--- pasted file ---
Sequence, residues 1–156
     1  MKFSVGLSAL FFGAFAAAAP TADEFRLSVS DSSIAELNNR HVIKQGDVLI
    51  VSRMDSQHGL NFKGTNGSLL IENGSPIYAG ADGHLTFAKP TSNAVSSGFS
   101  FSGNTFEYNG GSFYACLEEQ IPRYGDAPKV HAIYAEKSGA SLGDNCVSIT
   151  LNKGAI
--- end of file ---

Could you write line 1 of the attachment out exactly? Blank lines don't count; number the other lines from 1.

Sequence, residues 1–156